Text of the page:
room reactor operator staffing was the minimum allowed by the plant Technical
Specifications (TS); shift staffing consisted of five licensed senior
operators (the shift operations supervisor, one assistant shift operations
supervisor for each unit, the shift technical advisor, and an additional
senior operator) and three reactor operators - two assigned to Unit 1 and one
assigned to Unit 2.  The NRC inspection team investigating the event concluded
that the Unit 2 response to the event, with one reactor operator, was hampered
by lack of adherence to procedures, operator errors, and an unnecessary
cooldown of the reactor coolant system (RCS) after the reactor trip.  The 
Unit 1 response to the same event, with two reactor operators, was normal.

Discussion

An NRC inspection team reviewed the effects of the Unit 2 staffing level
during the event with regard to the crew's ability to stabilize the unit after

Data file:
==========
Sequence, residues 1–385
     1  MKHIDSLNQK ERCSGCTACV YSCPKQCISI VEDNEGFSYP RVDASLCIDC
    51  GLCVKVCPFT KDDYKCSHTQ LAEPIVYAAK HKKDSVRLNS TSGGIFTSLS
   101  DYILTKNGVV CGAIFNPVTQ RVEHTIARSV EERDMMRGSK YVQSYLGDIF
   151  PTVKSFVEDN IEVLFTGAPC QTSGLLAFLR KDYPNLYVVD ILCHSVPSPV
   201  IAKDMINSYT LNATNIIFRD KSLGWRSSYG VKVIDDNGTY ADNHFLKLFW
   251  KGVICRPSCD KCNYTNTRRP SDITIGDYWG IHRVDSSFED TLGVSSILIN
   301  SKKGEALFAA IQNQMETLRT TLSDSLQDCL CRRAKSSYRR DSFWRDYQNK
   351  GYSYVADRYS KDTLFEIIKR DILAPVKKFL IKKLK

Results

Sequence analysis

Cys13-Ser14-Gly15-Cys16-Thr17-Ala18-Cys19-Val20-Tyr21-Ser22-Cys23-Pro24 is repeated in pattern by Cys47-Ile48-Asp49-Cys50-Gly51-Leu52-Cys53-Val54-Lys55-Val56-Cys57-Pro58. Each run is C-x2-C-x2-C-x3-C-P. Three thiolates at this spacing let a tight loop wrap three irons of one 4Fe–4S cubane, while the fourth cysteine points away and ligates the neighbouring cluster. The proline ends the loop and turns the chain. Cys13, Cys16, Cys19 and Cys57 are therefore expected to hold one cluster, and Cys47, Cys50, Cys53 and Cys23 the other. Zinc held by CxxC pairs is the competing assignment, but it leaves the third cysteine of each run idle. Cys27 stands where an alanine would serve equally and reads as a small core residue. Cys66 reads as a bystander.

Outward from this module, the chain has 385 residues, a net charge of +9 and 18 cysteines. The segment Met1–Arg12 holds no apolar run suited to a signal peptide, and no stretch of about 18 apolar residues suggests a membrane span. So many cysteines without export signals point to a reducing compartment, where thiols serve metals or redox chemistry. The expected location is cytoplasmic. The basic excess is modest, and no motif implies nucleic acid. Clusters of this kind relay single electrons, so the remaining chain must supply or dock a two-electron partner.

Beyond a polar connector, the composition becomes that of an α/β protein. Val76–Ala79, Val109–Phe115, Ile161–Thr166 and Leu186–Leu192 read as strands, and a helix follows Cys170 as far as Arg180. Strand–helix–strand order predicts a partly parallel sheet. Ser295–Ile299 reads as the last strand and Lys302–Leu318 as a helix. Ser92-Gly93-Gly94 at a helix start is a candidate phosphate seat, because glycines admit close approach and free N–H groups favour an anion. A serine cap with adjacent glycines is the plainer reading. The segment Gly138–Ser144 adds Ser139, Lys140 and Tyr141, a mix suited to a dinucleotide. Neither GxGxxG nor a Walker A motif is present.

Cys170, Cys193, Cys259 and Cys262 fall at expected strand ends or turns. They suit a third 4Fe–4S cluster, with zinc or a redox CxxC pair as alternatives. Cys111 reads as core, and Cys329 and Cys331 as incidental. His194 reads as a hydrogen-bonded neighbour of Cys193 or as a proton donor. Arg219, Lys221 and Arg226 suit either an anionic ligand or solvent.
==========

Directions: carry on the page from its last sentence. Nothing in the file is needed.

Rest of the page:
the reactor trip occurred.  The inspection team concluded that the Unit 2
staffing level delayed the recovery of plant systems, contributed to erroneous
decisions made by the assistant shift operations supervisor (ASOS), and 



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                                                            IN 93-44
                                                            June 15, 1993
                                                            Page 2 of 3


overburdened and challenged the crew's ability to perform tasks in the manner
in which it was trained.  Control room simulator training scenarios had not